How does an earlier runoff impact fish population and health?

A picture named cutthroat

From the Summit County Voice (Bob Berwyn):

…peak runoff is coming as much as two to three weeks earlier than it did as recently as the 1970s — an astounding change in a short time, measured on the scale of Earth history.
The researchers also pinned the timing of snowmelt and runoff to changes in global and regional temperatures, as well as reduced snowfall during the study period. The published their findings in the Journal of Climate last week.

Water managers have already been scrambling to understand how the changes will affect operation of reservoirs and diversions for agricultural and municipal use, but the shift in timing could also have huge impacts on aquatic ecosystems in the southern Rockies and desert Southwest. At issue is the growing gap between spring runoff flows and monsoon rains later in the summer. Fish native to the mountain streams of the region already live in a narrow window of flows and temperatures. If spring streamflows drop earlier in the year, trout and other fish could be exposed to longer dry periods…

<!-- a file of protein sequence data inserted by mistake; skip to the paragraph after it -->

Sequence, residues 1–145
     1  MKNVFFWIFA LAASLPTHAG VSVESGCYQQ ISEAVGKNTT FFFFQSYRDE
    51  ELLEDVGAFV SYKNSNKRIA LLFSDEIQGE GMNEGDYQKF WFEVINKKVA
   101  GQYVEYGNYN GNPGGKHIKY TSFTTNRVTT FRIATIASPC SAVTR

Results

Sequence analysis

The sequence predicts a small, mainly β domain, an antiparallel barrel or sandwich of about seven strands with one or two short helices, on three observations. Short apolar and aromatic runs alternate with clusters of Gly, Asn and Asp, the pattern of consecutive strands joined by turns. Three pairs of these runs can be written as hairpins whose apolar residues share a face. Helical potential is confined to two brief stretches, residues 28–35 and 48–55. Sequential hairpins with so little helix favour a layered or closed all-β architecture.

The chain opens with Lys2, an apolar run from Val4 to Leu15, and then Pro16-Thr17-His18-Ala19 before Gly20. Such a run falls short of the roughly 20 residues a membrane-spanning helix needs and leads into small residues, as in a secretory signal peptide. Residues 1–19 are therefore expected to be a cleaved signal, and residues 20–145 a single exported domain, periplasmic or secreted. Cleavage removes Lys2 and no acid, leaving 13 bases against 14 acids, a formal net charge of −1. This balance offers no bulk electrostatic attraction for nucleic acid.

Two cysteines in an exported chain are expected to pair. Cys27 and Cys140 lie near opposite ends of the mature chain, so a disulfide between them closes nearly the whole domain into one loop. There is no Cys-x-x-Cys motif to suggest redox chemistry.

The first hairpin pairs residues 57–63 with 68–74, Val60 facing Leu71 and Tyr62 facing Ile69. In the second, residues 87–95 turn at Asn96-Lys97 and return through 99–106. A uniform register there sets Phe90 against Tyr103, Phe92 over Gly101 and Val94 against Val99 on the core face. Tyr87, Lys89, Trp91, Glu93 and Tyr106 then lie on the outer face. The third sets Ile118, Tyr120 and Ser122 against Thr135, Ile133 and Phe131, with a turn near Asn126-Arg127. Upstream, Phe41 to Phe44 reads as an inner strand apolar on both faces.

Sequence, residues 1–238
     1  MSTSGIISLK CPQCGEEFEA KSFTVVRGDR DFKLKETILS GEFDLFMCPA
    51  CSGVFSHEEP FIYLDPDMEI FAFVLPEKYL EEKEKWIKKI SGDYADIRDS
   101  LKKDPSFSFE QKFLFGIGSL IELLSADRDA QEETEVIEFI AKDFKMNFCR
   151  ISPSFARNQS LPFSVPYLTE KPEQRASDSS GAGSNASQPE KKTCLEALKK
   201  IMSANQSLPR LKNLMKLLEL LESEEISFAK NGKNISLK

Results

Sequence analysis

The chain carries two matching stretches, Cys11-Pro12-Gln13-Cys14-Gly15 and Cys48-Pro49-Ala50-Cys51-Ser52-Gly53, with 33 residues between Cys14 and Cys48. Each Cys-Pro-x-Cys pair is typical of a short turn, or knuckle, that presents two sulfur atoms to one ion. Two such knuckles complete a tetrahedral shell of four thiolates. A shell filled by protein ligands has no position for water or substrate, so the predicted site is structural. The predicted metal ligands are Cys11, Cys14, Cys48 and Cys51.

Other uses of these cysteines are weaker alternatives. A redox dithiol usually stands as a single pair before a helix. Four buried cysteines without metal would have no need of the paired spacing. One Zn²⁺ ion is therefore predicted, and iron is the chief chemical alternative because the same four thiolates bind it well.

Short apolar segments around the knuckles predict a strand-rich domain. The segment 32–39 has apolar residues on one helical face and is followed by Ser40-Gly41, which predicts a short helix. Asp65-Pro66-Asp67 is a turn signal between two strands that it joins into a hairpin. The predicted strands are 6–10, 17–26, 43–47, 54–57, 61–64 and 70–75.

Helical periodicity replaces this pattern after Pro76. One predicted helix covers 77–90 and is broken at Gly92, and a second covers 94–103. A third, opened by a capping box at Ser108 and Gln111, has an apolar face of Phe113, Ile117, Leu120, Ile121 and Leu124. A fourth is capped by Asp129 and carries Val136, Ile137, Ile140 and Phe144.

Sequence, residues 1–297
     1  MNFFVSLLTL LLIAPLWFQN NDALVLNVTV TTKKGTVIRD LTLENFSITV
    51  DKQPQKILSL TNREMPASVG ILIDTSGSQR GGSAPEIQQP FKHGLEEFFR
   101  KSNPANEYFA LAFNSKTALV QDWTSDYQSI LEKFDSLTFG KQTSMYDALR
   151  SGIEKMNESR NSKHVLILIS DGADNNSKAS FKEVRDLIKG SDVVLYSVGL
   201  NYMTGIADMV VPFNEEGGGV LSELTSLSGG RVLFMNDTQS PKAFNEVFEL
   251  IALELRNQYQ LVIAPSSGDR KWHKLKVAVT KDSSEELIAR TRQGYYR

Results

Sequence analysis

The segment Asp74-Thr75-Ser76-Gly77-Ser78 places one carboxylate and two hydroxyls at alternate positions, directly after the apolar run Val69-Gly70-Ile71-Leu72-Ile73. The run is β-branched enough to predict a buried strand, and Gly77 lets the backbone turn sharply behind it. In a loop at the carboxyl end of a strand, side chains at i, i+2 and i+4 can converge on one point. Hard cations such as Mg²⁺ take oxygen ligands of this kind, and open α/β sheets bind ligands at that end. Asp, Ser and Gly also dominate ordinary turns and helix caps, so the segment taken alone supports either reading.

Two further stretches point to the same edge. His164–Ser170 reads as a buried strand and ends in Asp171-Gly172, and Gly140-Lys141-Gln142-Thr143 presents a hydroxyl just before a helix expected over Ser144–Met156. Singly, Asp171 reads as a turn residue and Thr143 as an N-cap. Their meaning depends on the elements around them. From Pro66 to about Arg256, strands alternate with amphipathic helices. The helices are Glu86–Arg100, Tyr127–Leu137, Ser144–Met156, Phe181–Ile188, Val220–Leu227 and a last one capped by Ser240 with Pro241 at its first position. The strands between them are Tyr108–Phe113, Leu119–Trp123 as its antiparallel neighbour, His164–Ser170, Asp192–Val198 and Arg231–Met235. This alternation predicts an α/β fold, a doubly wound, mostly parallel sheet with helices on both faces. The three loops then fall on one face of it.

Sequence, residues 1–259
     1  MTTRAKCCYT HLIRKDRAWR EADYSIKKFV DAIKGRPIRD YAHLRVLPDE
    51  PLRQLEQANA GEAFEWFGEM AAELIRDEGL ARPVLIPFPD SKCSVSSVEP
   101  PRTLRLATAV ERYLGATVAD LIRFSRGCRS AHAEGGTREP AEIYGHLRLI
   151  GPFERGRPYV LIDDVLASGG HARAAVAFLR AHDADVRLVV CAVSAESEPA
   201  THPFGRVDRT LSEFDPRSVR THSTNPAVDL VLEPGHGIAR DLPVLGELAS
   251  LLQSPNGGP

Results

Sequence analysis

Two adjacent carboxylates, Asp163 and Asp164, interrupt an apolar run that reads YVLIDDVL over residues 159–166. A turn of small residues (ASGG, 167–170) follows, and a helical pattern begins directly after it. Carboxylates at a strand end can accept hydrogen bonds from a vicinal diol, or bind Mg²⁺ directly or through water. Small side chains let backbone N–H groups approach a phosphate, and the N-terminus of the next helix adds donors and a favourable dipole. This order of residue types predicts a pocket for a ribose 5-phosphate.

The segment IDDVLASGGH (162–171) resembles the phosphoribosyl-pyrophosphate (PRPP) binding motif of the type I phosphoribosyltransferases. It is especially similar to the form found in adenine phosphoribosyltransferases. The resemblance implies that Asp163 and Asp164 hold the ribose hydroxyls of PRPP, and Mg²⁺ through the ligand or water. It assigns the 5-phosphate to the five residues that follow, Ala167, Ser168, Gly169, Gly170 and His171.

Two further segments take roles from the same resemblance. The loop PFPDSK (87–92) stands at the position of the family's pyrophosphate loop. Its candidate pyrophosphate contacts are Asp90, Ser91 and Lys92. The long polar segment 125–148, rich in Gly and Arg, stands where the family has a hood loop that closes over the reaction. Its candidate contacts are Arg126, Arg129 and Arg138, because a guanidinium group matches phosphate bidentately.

“I expect that it will even further limit the amount of habitat,” she said. Hedwall and her colleagues have had to undertake intensive management efforts to maintain populations of some aquatic species.
The changes could also result in fish spawning earlier. Biologists think that fish may be able to adapt to those changes, but the real issue is year-round habitat. With longer, drier summers, it’s likely that many young fish won’t have enough habitat to survive. Water stored in reservoirs could provide a buffer against shrinking aquatic habitat if it’s used for environmental purposes.

More instream flow coverage here.

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